Joe Weisenthal calls attention to distressing analysis from Goldman Sachs about the expiration of the payroll tax cuts at the end of the year. Yglesias explains why it would be devastating for the economy:
With deficits low and unemployment high, tax increases in general are ill-advised. But raising a broad-based, mildly regressive tax is particularly damaging because it will particularly impact the bottom lines of precisely the kind of credit-constrained households who we have to be targeting with fiscal policy.
What's more, he argues that preserving the payroll tax cut is more critical than reaching a Grand Bargain. Derek Thompson, who provides the above chart, has a theory about why it's not more of a priority:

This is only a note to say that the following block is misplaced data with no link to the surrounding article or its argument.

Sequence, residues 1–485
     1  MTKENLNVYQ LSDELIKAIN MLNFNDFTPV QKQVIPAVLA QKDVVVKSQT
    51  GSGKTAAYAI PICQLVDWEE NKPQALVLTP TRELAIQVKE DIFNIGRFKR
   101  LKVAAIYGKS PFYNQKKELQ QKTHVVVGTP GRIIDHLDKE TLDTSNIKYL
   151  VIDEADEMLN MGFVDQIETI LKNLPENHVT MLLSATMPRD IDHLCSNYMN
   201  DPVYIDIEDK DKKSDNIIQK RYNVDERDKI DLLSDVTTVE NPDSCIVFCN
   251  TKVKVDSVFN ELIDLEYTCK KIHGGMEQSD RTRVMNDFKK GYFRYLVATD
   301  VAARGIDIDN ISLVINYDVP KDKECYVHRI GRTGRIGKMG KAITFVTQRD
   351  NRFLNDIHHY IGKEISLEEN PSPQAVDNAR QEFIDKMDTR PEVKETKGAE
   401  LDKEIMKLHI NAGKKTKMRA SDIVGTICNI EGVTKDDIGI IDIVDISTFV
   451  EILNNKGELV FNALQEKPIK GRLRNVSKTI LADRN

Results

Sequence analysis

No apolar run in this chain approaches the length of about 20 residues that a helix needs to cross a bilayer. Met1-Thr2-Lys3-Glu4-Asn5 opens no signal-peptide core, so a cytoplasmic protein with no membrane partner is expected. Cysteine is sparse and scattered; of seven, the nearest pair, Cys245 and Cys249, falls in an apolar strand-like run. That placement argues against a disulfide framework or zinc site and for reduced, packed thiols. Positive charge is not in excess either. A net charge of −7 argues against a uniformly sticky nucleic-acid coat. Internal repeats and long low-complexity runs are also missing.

[W]hy isn't Obama talking about it? Why aren't Republicans fighting for it? Why has Tim Geithner said "I don't see any reason to consider supporting its extension"? Why is there "universal acceptance" that payroll taxes will go back to normal when this would represent a $130 billion hit to the economy — almost as much as the Bush tax cut for lower-income families and more that the impact of budget sequestration and the expiration of unemployment insurance (UI) combined? Well, payroll taxes pay directly into Social Security and lawmakers feel nervous about depleting that coffer.